::Steps down from pulpit::

What’s my verdict on the movie? It’s definitely endearing, clever, funny and real, but the end made me feel like I’d missed a step going down the stairs in my house. Like I said earlier, it makes sense within the context of the movie, because Vanessa emerges as a sincere character (albeit strange, awkward and somewhat detached socially), who really wants to be a good mother to this child. It just seems like Juno and Bleeker got off scott-free. They get to go back to being a couple with no consequences for their actions, when what I really wanted to see was them raise their child and find a way to make it work simply because it belongs to them. Ah, well. I’ll stop whining. I’d give it a B+, though.


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It’s Starting to Make More Sense…

April 12, 2008 at 9:13 pm (Uncategorized)

Over the past 2 months, I’ve been experiencing a lot of spiritual growth. God has been convicting me, teaching me and blessing me in ways that have overwhelmed and surprised me.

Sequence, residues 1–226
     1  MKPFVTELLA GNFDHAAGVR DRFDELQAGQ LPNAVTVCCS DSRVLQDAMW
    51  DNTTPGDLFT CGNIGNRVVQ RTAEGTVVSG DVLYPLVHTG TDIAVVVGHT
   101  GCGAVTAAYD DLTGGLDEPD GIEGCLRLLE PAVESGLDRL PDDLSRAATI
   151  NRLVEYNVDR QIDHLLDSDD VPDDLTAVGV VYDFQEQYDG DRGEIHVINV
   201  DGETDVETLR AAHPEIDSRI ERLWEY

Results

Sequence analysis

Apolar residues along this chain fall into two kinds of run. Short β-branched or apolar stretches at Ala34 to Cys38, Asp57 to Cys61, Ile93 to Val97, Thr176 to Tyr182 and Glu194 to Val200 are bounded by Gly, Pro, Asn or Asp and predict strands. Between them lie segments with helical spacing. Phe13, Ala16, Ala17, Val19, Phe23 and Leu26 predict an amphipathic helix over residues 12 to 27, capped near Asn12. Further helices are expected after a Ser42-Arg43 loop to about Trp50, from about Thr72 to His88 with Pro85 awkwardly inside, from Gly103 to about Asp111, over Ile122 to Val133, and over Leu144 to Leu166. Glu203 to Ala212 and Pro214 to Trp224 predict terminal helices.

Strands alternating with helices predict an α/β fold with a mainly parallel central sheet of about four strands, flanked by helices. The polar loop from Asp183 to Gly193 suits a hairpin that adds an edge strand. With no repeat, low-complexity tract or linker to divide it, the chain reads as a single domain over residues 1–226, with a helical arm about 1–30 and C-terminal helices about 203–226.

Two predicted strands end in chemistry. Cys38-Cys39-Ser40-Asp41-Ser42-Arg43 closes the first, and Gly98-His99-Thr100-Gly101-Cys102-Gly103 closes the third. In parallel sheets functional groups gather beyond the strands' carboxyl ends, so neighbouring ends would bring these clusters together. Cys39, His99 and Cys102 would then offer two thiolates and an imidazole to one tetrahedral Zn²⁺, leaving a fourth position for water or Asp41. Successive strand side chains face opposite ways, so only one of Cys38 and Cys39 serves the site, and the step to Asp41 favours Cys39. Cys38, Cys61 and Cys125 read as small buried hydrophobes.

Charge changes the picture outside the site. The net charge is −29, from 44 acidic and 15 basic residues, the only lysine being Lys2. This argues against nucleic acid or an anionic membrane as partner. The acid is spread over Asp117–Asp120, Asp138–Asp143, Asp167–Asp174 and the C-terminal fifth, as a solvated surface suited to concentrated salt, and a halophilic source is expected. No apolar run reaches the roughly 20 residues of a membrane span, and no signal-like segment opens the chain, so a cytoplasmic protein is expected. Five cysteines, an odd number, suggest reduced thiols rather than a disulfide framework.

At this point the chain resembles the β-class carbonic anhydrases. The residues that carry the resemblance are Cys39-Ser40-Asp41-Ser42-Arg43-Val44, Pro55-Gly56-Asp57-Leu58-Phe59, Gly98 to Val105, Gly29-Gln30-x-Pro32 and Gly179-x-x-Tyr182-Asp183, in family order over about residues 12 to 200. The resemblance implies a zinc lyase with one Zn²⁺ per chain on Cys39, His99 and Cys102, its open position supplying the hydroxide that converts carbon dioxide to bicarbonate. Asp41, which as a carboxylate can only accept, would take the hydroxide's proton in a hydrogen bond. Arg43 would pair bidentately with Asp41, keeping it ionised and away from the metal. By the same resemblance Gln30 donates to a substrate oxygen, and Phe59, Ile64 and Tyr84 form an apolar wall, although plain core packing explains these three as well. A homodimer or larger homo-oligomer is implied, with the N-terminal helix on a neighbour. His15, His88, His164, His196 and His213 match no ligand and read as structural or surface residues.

A lot of the conviction has been coming from the mouth of Mark Driscoll, who is the Pastor of Mars Hill Church in Seattle. All Christians, from the recently converted to Billy Graham are undergoing the sanctifying process through the work of the God the Holy Spirit. I’m a Christian, which means that I accepted Jesus as my Lord and Savior, which also means he’s Lord and Master over my life. So, basically, my money is NOT my own and it is his. Therefore, I need to use it in such a way that it honors him. This means that I need to give an offering out of my income, save, spend wisely, and to make prudent investments. Jesus is also Lord over my time. I’m your stereotypical, cliche’, lazy, loves to sleep, eat pizza and watch movies as much as possible, college student. Now, sleeping, eating pizza and watching movies aren’t bad. You can actually glorify God doing them, if you have the right mind set. But it got to a point in my life that I was neglecting other things that needed more attention than they were getting. So, I repented of my sin, spent less time with Pizza Hut and Frodo, and started spending more time getting done what needs to get done.